After studying the different ways that the marketing and publishing industries have changed, even in the last few years, I would say that I am more encouraged about the future than discouraged.
That is not to say that my level of discouragement has not also grown. After all, it is much harder for an author to get noticed these days– with hundred of books coming out every day, one needs a very stable platform to get anywhere, it seems. This is rather discouraging as well, since even more people are hoping to build a platform online, and even this could take years to accomplish. The idea of the “writer in solitude” is gone. Writers have to juggle so many hats that it seems a wonder some have time to write at all.
So, how is all that balanced out? For one, that very proliferation and easy Internet access that is making new, good authors more competitive and numerous is also allowing them to be noticed at all. In fact, the current system is much better than before, where one had to get lucky enough to be noticed by a large publishing company. So what if being a successful writing is still a lot of work? To risk being very cliche, everything worth doing is a lot of work. We shouldn’t be tempted to put in less because we only need to click a few buttons to reach our audiences. Instead, we should shoulder the responsibility of that bigger audience and make sure that our work is better and more polished than ever before.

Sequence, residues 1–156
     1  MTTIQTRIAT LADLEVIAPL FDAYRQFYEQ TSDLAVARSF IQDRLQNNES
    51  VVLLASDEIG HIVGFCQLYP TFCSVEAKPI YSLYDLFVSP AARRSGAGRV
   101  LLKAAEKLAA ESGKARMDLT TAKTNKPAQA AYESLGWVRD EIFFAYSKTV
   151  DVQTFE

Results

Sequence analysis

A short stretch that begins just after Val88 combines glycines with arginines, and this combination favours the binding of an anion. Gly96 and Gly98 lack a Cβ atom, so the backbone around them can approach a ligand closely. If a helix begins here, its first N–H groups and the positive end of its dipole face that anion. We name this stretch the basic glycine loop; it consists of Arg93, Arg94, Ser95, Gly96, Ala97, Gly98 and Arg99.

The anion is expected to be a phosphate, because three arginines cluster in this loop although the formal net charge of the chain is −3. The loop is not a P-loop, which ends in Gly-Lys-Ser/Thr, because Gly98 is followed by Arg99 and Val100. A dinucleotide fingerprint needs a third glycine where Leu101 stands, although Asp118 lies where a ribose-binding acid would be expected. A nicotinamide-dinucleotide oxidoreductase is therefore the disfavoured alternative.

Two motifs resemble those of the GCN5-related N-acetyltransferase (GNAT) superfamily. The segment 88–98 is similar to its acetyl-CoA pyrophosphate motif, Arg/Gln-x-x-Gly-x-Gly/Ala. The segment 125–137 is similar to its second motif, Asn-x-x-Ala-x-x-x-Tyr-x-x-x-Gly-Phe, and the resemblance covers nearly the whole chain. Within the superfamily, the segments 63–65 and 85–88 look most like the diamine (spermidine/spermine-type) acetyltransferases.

In conclusion, publishing is as alive as ever. It’s taken a slight hit in credibility, yes, but that’s been by design. More negative books are allowed to slip through the cracks, but so are more good books than ever before. We need to familiarize ourselves with the seismic changes in how writing is published so that we can harness these benefits to their greatest capacity.